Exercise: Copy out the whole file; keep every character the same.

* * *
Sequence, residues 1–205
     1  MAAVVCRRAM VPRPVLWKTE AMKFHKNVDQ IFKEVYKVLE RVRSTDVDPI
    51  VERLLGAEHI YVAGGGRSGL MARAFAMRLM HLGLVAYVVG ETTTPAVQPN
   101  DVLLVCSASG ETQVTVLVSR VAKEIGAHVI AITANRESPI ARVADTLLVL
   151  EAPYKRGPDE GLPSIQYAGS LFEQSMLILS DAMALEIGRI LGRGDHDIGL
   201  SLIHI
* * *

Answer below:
Sequence, residues 1–205
     1  MAAVVCRRAM VPRPVLWKTE AMKFHKNVDQ IFKEVYKVLE RVRSTDVDPI
    51  VERLLGAEHI YVAGGGRSGL MARAFAMRLM HLGLVAYVVG ETTTPAVQPN
   101  DVLLVCSASG ETQVTVLVSR VAKEIGAHVI AITANRESPI ARVADTLLVL
   151  EAPYKRGPDE GLPSIQYAGS LFEQSMLILS DAMALEIGRI LGRGDHDIGL
   201  SLIHI